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Vaccine. 2018 Nov 12;36(47):7142-7148. doi: 10.1016/j.vaccine.2018.04.030. Epub 2018 Jun 7.

Direct and possible indirect effects of vaccination on rotavirus hospitalisations among children in Malawi four years after programmatic introduction.

Author information

1
Malawi-Liverpool-Wellcome Trust Clinical Research Programme, College of Medicine, University of Malawi, Blantyre, Malawi; Centre for Global Vaccine Research, Institute of Infection & Global Health, University of Liverpool, Liverpool, UK. Electronic address: aisleen.bennett@liv.ac.uk.
2
Malawi-Liverpool-Wellcome Trust Clinical Research Programme, College of Medicine, University of Malawi, Blantyre, Malawi; Centre for Global Vaccine Research, Institute of Infection & Global Health, University of Liverpool, Liverpool, UK.
3
Department of Epidemiology of Microbial Diseases, Yale School of Public Health, Yale University, New Haven, CT, USA.
4
Centers for Disease Control and Prevention, Atlanta, USA.
5
Malawi-Liverpool-Wellcome Trust Clinical Research Programme, College of Medicine, University of Malawi, Blantyre, Malawi; Division of Infection and Immunity, University College London, UK.
6
Ministry of Health, Lilongwe, Malawi.
7
Department of Molecular Epidemiology, Nagasaki University, Nagasaki, Japan.
8
Malawi-Liverpool-Wellcome Trust Clinical Research Programme, College of Medicine, University of Malawi, Blantyre, Malawi; NIHR Health Protection Research Unit in Gastrointestinal Infections, University of Liverpool, Liverpool, UK.

Abstract

INTRODUCTION:

Despite increased use of vaccine in routine immunisation, rotavirus remains a major cause of acute gastroenteritis (AGE) in low-income countries. We describe rotavirus prevalence and hospitalisation in Malawi pre and four years post vaccine introduction; provide updated vaccine effectiveness (VE) estimates; and assess rotavirus vaccine indirect effects.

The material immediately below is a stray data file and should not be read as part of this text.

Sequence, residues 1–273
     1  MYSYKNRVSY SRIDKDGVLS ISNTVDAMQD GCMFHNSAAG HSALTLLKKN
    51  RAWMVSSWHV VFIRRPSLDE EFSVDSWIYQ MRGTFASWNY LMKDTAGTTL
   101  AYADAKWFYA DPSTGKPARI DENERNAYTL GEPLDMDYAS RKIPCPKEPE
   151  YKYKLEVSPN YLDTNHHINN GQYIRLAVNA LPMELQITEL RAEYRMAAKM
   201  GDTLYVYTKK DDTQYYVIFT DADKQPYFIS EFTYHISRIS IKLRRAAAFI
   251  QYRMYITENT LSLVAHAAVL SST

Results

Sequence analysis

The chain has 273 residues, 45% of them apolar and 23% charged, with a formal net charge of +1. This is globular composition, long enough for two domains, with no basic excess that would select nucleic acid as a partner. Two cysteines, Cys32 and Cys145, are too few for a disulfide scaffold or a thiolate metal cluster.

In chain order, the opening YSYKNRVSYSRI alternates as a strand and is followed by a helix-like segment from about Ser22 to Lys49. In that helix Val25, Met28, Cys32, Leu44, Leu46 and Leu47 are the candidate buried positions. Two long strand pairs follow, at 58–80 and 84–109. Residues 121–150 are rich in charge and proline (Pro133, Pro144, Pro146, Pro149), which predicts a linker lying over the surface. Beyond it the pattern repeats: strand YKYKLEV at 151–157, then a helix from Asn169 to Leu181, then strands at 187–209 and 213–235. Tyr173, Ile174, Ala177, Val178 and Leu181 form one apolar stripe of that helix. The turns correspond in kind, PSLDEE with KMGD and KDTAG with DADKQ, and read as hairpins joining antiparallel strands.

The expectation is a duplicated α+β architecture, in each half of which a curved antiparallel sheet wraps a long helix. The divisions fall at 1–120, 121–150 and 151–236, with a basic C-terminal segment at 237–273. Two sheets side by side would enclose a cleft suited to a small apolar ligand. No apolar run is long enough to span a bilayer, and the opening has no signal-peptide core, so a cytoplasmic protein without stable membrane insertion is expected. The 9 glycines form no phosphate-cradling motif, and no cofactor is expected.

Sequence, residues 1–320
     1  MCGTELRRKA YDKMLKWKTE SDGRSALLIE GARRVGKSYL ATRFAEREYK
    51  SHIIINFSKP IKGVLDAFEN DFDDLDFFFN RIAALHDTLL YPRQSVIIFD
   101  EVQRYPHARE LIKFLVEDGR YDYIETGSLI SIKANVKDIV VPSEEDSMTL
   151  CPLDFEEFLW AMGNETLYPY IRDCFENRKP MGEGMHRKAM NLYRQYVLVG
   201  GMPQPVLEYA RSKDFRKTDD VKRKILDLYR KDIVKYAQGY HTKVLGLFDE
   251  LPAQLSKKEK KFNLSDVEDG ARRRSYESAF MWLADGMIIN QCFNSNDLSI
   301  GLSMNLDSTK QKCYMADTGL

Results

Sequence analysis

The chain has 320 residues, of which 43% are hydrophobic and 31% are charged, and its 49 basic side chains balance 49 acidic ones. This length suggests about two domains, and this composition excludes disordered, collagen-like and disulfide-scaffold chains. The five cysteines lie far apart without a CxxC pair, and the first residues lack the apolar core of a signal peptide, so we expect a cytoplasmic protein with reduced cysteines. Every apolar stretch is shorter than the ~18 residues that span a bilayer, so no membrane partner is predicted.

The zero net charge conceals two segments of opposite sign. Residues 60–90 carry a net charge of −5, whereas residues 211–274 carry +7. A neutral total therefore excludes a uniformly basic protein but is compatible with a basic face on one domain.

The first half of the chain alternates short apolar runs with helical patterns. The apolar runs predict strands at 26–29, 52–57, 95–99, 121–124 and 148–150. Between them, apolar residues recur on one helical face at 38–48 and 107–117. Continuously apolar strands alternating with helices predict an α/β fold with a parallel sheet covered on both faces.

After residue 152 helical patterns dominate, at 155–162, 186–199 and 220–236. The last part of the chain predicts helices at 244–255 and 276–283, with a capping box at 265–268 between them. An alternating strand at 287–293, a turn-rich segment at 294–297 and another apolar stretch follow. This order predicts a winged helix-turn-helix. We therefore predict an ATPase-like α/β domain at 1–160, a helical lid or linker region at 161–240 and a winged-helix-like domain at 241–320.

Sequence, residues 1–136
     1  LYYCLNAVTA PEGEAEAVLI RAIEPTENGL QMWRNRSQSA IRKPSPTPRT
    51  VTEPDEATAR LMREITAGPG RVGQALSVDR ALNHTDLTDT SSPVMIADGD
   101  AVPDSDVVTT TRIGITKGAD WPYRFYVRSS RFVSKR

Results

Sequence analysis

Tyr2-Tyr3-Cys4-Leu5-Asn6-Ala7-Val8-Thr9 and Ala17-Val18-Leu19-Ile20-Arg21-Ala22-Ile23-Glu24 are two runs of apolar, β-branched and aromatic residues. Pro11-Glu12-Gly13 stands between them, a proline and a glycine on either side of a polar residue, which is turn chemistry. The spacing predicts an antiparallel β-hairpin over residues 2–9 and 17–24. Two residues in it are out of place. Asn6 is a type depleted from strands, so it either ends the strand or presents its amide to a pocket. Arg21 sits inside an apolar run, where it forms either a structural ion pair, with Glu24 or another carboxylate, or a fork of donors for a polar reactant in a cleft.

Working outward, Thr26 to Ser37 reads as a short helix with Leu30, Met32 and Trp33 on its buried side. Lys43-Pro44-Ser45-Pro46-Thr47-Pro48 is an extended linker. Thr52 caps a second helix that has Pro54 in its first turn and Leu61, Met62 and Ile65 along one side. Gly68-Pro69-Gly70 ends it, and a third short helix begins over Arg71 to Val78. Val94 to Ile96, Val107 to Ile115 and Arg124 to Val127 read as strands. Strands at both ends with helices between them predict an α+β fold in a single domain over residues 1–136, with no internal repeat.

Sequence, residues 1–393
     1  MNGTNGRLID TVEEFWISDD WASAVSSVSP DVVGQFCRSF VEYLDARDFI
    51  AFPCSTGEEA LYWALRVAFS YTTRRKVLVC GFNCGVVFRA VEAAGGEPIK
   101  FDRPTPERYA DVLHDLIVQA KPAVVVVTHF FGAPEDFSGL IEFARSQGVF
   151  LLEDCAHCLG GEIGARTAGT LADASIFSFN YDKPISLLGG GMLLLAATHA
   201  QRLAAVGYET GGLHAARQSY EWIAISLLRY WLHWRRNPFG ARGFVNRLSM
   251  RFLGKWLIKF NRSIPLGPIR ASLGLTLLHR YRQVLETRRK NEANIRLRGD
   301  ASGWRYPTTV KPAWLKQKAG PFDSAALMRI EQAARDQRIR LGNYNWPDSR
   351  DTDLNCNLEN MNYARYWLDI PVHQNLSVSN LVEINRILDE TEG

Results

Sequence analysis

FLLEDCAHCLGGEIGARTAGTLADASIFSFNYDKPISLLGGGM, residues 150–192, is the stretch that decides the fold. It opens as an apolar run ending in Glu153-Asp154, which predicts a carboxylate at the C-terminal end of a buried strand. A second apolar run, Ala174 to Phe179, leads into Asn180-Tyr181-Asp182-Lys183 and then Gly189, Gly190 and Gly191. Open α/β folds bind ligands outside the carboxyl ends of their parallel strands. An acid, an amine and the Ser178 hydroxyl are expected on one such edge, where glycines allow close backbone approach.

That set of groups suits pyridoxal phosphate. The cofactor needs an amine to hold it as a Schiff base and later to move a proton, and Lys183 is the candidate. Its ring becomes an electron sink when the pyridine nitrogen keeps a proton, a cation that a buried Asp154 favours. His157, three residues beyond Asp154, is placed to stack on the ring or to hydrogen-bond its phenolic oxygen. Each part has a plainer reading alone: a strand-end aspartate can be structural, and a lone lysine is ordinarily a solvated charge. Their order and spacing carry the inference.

METHODS:

Children under five years of age presenting to a referral hospital in Blantyre with AGE were recruited. Stool samples were tested for rotavirus using Enzyme Immunoassay. The change in rotavirus prevalence was evaluated using Poisson regression. Time series analysis was used to further investigate trends in prevalence over time. VE against rotavirus diarrhoea of any severity was estimated using logistic regression. Indirect effects were estimated by evaluating rotavirus prevalence in unvaccinated children over time, and by comparing observed reductions in incidence of rotavirus hospitalisation to those expected based on vaccine coverage and trial efficacy estimates.

RESULTS:

2320 children were included. Prevalence of rotavirus in hospitalised infants (<12 months) with AGE decreased from 69/139(49.64%) prior to vaccine introduction to 197/607(32.45%) post-vaccine introduction (adjusted RR 0.67[95% CI 0.55, 0.82]). Prevalence in children aged 12-23 months demonstrated a less substantial decline: 15/37(40.54%) pre- and 122/352(34.66%) post-vaccine introduction (adjusted RR 0.85, 95% CI 0.57, 1.28). Adjusted VE was 61.89%(95% CI 28.04-79.82), but lower in children aged 12-23 months (31.69% [95% CI -139.03 to 80.48]). In hospitalised infants with rotavirus disease, the observed overall effect of the vaccine was 9% greater than expected according to vaccine coverage and efficacy estimates. Rotavirus prevalence among unvaccinated infants declined post-vaccine introduction (RR 0.70[95% CI 0.55-0.80]).

CONCLUSIONS:

Following rotavirus vaccine introduction in Malawi, prevalence of rotavirus in hospitalised children with AGE has declined significantly, with some evidence of an indirect effect in infants. Despite this, rotavirus remains an important cause of severe diarrhoea in Malawian children, particularly in the second year of life.

KEYWORDS:

Indirect effects; Rotavirus; Vaccines

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